ERICH STEINGRAEBER (Wien) 1998
Dear Morago, (… )The grammar and syntax of your paintings - and the Vienna exhibition focuses on mature work done over the last few years - are Venetian to an extraordinary degree.
Above all because colour is the essential element in your art. Your canvases delight the eye because you use the painted surface to communicate sensory beauty.
You express yourself in Venetian because you are against all theories and all rules.
You are interested only in the passionate sublimation of colour and the light it conveys.
The coloured light of external space presupposes an abstract practice of figurative means.
This was what the father of Orphsm, Robert Delaunay, meant when he denied descriptive elements the role of indicating "content" and gave colour priority over all other artistic media.
Since then colour has been available as a pure metaphor evoking just "states of mind" in the observer.
Paintings of this kind no longer work with the succinct stylistic means of evocation developed by cubism but communicate their effect only in response to meditative, empathetic observation.
As a reflection of a state of mind, each of your works is different from all the others; there is no ready-made system.(…)
LIONELLO PUPPI (Stuttgart) 2000
(…)Morago’s current artistic situation, a phase of truly prodigious activity, open to unpredictable but resplendent destinies while keeping firm faith with a choice that was carefully, agonizingly weiged yet nonetheless inevitabile, is rooted in a prehistory of initiation, which postulates the undaunted certainty of color as the pure, exclusive linguistic means of the assertion, in the absolute of form, of axpressive tension.
This involvesthe exclusion, in the process of construction of the image, not so much of the precalculated design of geometrical grids as of any recourse to graphic support to control and confine the effusion of colour fields, the composition of which is determined by the qualitative dialectic of the value that each of them comes to assume as the image acquires dynamism and altogether takes on the task of becoming a representation, visual, resolved and complete, of a mood.(…)
VIRGINIA BARADEL (London) 2007
For some time, influential critics have interpreted Morago's painting chiefly as a contemporary version of the long pre-eminence of colour in the history of Venetian art.
In truth the expressive force and chromatic energy that generate such impetuous abstract narratives in the Veneto painter's canvasses have roots in painting that marvels us with the lavish use of colour: in Morago's work both an expressive value and a constructive role find echoes in that tradition.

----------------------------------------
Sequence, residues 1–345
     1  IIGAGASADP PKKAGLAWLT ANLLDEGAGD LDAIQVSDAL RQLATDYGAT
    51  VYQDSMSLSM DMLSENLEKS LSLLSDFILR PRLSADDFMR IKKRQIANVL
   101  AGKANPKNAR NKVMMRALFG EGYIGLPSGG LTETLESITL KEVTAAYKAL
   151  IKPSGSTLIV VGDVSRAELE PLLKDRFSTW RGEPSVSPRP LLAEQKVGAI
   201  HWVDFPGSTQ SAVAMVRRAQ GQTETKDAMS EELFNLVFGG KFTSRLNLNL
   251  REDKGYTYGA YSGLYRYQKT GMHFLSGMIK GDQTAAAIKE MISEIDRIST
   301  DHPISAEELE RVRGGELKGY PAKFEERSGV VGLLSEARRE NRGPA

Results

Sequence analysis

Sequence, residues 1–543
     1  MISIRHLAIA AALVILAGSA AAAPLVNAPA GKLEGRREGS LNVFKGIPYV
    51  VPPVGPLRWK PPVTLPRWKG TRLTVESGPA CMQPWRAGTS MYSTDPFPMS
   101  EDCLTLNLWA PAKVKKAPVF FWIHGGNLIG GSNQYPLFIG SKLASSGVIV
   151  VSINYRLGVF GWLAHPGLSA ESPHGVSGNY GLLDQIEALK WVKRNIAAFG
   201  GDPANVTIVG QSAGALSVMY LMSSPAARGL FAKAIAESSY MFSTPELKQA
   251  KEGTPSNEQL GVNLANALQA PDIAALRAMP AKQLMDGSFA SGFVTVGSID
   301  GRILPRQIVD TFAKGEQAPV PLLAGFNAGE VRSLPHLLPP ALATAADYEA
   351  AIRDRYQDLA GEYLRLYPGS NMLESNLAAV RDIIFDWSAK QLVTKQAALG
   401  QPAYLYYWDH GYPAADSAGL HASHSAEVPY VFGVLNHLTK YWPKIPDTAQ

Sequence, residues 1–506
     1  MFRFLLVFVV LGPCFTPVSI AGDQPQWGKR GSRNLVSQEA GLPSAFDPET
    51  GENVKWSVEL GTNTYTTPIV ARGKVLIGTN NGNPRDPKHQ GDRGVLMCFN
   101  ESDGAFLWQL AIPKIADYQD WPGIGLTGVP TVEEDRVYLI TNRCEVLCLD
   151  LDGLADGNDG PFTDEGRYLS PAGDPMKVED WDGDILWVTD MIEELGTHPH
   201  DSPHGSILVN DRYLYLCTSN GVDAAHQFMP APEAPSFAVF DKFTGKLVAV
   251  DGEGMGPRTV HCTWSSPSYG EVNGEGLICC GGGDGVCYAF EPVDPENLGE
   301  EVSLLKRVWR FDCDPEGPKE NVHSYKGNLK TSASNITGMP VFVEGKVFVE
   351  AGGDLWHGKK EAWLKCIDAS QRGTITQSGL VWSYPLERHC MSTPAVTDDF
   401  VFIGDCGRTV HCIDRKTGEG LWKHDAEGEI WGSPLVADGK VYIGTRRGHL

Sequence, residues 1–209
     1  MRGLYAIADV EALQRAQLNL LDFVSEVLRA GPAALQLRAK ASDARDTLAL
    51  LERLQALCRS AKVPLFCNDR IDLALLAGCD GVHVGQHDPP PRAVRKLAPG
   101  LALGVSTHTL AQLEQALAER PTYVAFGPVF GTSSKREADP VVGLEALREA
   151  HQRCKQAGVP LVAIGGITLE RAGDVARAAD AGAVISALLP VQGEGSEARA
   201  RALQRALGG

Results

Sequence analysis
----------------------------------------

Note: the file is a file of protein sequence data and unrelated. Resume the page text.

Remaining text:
Nevertheless, he enjoys a bubbling independence that has nothing to do with the critical conscience that every true artist of our times develops around his own work.
It is as if the river of colours, flowing from that long and rich tributary of history, descends to the present ever more in the form of a Maelström in which the colours meet head on and are stirred up.
Morago's painting has kept up the impetus of this current's undertow but seems to have barred its course, to transform its conclusion into a new beginning, in a Genesis of pulsing fields of colour that split off from archetypal blacks and reds so as to silence the clash in the mysterious opacity of white.(…)
SILVIA PEGORARO (Aichi - Tokyo) 2005
(…) His work goes beyond the experimental inventions of action, gesture, to embrace a living tension between matter, color and light – everything here is enigma, shadow, boundless life, exaltation and contemplation.
Morago’s art transfigures the perception of reality through the strength of his imagination, shaped by color and light as ab-solute values, free from any kind of contingency or reference, and yet, at the same time, exquisitely sensual. Formal expression comes to be one and the same with the warm vibrations of color-matter, which imbues and shapes surfaces, giving them an aura of mysterious sacredness.
Yet imagination does not dissolve into a vague, confused mystic yearning – on the contrary, it retains a strong cognitive basis.
Therefore, we can relate Morago’s imagination to sort of ‘analogue’ knowledge that allows us to escape the restrictions of rationalism.
This immediately evokes the esoteric, neo-platonic tradition, that of Giordano Bruno, above all his De umbris idearum (the shadow of ideas).
A universe joins another universe, a light joins another light: painting is an abyss, and light is a still vortex.
Light is the center, but also the threshold, the ultimate boundary of forms.(…)
CLAUDIO CERRITELLI (Milan) 2009